Guinness Six Nations

Scots denied famous win after Twickenham heroics

Scotland celebrate their fourth try at Twickenham

Scots staged stunning fightback (pic: SNS Group)

England 38 Scotland 38


The old adage ‘a game of two halves’ was never more in evidence as Scotland retained the Calcutta Cup in what has been billed as the greatest ever contest against the ‘auld enemy.

Looking dishevelled and out-run by a powerful England team, the visitors somehow conjured a remarkable comeback from a 31-point deficit to have the most most unlikely victory snatched away in the last moments of a thrilling contest.

With barely half an hour on the clock, a rampant England had stormed into what looked like an unassailable lead, scoring at the rate of a point per minute. Former Scotland and British Lions player John Beattie tweeted that he was struggling to watch. His alarm at what he was seeing was shared among fellow Scots who feared an embarrassing rout. Yet, somehow England failed to add to their point-scoring until the 83rd minute.

The hosts opened the scoring after just 66 seconds, quickly adding four more tries. After Stuart McInally’s breakaway try before the interval to finally put some Scottish points on the scoreboard, it seemed as if the second half would be about saving pride for the visitors. However, as poor as Scotland were in the opening 40 minutes, they were sensational in the second period, running in another five unanswered tries to stun the English. No visiting team had ever scored so many tries at Twickenham.

Finn RussellWith Finn Russell, pictured, pulling the strings superbly, the remarkable fightback saw Darcy Graham (2), Magnus Bradbury and Finn Russell all touched down before Sam Johnson went over with just a couple of minutes remaining to incredibly put the Scots 38-31 ahead.

The visitors were now within touching distance of their first Twickenham win since 1983 but couldn’t see out the game. George Ford went over in injury time with the conversion securing the draw and completing a Six Nations’ fixture which will be talked about for years to come.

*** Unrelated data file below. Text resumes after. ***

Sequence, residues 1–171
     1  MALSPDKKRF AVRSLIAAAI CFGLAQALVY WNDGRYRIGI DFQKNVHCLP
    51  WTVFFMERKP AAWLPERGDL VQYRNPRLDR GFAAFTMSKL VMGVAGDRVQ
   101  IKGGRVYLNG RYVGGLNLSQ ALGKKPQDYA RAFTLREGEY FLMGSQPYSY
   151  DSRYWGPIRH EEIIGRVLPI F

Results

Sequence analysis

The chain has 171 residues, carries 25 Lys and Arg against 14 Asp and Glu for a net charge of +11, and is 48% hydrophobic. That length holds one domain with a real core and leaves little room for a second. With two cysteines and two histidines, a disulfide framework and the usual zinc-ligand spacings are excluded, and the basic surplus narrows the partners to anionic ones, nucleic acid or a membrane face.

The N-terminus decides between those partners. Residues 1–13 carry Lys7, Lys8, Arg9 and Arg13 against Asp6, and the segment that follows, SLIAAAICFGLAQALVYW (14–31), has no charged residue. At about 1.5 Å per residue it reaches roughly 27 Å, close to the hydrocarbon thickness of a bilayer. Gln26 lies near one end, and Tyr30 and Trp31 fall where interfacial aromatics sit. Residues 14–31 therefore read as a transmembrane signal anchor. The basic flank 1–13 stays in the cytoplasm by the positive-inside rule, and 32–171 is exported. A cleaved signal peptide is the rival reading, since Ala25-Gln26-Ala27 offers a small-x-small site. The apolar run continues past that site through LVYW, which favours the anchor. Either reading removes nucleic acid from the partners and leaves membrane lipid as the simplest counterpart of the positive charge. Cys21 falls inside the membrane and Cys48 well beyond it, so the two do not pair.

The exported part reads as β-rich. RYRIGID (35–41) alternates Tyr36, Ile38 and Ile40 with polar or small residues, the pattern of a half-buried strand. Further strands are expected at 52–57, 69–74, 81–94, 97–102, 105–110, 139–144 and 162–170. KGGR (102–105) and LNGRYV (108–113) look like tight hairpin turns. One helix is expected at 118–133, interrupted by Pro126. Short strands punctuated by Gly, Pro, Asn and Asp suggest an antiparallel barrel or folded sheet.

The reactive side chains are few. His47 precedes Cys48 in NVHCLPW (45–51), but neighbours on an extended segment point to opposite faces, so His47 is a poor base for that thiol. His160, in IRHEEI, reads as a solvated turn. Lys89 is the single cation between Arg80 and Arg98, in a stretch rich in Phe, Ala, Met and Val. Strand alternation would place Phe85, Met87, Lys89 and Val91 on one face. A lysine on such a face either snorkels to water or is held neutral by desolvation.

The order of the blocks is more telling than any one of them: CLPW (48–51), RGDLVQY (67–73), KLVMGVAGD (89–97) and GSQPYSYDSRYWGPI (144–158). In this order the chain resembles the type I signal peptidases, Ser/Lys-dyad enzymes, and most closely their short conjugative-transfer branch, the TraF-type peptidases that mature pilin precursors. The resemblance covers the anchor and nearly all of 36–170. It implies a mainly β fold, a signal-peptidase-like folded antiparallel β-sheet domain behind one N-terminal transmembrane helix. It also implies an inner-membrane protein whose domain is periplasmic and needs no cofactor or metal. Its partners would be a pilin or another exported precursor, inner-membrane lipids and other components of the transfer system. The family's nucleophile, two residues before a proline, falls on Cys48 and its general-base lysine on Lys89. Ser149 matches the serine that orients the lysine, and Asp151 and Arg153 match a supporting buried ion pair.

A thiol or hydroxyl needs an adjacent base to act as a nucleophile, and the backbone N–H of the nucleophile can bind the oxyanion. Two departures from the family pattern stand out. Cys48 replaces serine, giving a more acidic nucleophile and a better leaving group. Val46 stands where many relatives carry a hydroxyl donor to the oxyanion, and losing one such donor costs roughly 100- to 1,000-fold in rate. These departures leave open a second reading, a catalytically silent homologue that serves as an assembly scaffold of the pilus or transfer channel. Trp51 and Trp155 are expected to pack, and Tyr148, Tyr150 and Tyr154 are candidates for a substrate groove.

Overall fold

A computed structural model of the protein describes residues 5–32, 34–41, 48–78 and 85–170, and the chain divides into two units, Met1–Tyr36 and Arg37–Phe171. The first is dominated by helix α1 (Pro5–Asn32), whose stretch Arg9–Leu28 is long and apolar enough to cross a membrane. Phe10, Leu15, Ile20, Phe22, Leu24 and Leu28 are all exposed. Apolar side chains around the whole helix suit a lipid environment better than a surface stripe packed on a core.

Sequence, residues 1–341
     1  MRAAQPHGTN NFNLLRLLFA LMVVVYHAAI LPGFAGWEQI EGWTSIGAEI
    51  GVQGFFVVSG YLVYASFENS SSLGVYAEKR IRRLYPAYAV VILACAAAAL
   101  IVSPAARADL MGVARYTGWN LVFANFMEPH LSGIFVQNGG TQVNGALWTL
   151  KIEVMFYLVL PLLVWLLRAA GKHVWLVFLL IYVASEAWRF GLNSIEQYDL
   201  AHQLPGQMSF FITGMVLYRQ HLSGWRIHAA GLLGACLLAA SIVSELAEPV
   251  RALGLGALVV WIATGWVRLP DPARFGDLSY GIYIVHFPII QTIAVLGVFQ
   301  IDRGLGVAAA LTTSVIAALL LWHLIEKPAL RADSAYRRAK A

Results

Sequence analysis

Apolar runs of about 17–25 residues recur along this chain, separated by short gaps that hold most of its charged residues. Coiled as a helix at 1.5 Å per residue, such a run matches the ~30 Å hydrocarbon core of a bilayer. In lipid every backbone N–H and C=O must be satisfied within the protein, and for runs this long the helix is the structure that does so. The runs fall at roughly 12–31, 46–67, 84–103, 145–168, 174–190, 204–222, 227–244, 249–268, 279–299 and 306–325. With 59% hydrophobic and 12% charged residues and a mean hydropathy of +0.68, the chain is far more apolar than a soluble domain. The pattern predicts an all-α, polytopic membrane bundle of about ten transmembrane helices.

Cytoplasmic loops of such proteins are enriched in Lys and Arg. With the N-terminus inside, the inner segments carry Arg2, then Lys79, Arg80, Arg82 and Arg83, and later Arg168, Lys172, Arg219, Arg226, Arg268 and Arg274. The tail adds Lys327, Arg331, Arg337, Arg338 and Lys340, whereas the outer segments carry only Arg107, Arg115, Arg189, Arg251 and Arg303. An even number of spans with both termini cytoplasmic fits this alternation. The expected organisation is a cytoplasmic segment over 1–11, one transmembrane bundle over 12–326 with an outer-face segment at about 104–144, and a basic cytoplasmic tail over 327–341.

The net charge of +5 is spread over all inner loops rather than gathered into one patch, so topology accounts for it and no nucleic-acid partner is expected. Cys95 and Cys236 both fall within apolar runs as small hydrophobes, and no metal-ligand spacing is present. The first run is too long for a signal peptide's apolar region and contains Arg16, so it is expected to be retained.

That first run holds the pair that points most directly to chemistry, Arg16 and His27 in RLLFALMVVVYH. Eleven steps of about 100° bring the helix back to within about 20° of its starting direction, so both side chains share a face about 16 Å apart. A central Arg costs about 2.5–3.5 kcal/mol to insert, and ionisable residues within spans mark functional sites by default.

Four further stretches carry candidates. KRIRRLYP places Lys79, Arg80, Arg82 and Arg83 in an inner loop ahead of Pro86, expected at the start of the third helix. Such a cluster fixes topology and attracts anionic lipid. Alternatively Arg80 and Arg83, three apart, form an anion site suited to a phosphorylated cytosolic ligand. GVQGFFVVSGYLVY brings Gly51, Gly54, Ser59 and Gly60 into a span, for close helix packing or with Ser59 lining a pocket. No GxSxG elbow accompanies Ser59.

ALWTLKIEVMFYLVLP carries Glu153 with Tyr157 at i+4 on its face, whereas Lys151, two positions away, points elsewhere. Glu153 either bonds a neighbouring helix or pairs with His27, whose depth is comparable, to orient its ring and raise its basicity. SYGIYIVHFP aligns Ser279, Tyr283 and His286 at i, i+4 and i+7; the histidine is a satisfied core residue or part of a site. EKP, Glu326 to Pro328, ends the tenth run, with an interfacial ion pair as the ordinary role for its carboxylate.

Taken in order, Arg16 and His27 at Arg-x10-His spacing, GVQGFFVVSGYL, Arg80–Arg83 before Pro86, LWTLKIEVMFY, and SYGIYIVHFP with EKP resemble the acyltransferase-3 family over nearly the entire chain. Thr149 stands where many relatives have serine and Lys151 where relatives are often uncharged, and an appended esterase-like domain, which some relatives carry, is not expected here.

Speaking after the game, Russell said: “I’m gutted. At half-time everyone would have written Scotland off. For us to come out and have a second half like that shows the character the boys have.

“I’m just so disappointed we didn’t manage to finish it off at the end. The first half we got caught off guard then in the second half we had nothing to lose and we played our rugby. We played good Scottish rugby the second half.

“There were a lot of injuries but the boys who have filled in have been outstanding. The whole campaign has been frustrating. We’ve had close games and not played at our best sometimes. But it’s a good way to finish with the Calcutta Cup back in Scotland.”

England: E Daly; J Nowell, H Slade, M Tuilagi, J May; O Farrell (capt), B Youngs; B Moon, J George, K Sinckler; J Launchbury, G Kruis; M Wilson, T Curry, B Vunipola.

Replacements: L Cowan-Dickie for George 66, E Genge for Moon 5, D Cole for Sinckler 51, B Shields for Wilson 62, N Hughes for Curry 70, B Spencer for Youngs 70, G Ford for Farrell 70, B Te’o.

Scotland: S Maitland; D Graham, N Grigg, S Johnson, B McGuigan; F Russell, A Price; A Dell, S McInally, WP Nel; B Toolis, G Gilchrist; S Skinner, H Watson, M Bradbury.

Replacements: F Brown for McInally 57, G Reid for Dell 45, S Berghan for Nel 62, J Gray for Gilchrist 57, J Strauss for Skinner 57, G Laidlaw for Price 57, A Hastings for Maitland 68, C Harris for Grigg 57.